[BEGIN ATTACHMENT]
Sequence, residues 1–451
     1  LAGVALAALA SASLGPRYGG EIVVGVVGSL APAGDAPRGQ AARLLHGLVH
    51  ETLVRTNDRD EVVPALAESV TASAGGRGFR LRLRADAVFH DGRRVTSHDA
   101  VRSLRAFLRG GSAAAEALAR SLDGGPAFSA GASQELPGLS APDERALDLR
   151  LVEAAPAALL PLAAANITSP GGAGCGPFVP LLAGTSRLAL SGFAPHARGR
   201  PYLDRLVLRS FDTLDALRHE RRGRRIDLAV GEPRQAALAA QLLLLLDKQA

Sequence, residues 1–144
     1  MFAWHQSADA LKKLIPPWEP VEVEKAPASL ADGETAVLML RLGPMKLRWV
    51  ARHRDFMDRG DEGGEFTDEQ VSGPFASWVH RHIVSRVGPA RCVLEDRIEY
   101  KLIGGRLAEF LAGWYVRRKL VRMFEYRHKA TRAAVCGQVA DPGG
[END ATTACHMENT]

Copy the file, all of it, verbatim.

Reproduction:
Sequence, residues 1–451
     1  LAGVALAALA SASLGPRYGG EIVVGVVGSL APAGDAPRGQ AARLLHGLVH
    51  ETLVRTNDRD EVVPALAESV TASAGGRGFR LRLRADAVFH DGRRVTSHDA
   101  VRSLRAFLRG GSAAAEALAR SLDGGPAFSA GASQELPGLS APDERALDLR
   151  LVEAAPAALL PLAAANITSP GGAGCGPFVP LLAGTSRLAL SGFAPHARGR
   201  PYLDRLVLRS FDTLDALRHE RRGRRIDLAV GEPRQAALAA QLLLLLDKQA

Sequence, residues 1–144
     1  MFAWHQSADA LKKLIPPWEP VEVEKAPASL ADGETAVLML RLGPMKLRWV
    51  ARHRDFMDRG DEGGEFTDEQ VSGPFASWVH RHIVSRVGPA RCVLEDRIEY
   101  KLIGGRLAEF LAGWYVRRKL VRMFEYRHKA TRAAVCGQVA DPGG